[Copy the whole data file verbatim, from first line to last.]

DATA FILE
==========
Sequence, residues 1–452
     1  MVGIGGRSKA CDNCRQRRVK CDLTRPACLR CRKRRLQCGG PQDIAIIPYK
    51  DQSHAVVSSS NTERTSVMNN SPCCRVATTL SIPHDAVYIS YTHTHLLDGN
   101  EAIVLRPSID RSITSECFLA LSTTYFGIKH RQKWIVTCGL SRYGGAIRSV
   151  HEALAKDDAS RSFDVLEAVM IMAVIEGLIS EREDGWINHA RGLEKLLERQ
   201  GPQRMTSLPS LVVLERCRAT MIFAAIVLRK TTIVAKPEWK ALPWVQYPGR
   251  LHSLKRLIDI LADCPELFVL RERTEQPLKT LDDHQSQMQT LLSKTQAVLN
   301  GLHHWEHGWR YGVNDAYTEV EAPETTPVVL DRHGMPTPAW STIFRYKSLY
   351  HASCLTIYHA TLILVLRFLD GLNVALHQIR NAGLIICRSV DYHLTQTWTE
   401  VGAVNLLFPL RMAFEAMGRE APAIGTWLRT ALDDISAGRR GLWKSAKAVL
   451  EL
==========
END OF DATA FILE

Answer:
Sequence, residues 1–452
     1  MVGIGGRSKA CDNCRQRRVK CDLTRPACLR CRKRRLQCGG PQDIAIIPYK
    51  DQSHAVVSSS NTERTSVMNN SPCCRVATTL SIPHDAVYIS YTHTHLLDGN
   101  EAIVLRPSID RSITSECFLA LSTTYFGIKH RQKWIVTCGL SRYGGAIRSV
   151  HEALAKDDAS RSFDVLEAVM IMAVIEGLIS EREDGWINHA RGLEKLLERQ
   201  GPQRMTSLPS LVVLERCRAT MIFAAIVLRK TTIVAKPEWK ALPWVQYPGR
   251  LHSLKRLIDI LADCPELFVL RERTEQPLKT LDDHQSQMQT LLSKTQAVLN
   301  GLHHWEHGWR YGVNDAYTEV EAPETTPVVL DRHGMPTPAW STIFRYKSLY
   351  HASCLTIYHA TLILVLRFLD GLNVALHQIR NAGLIICRSV DYHLTQTWTE
   401  VGAVNLLFPL RMAFEAMGRE APAIGTWLRT ALDDISAGRR GLWKSAKAVL
   451  EL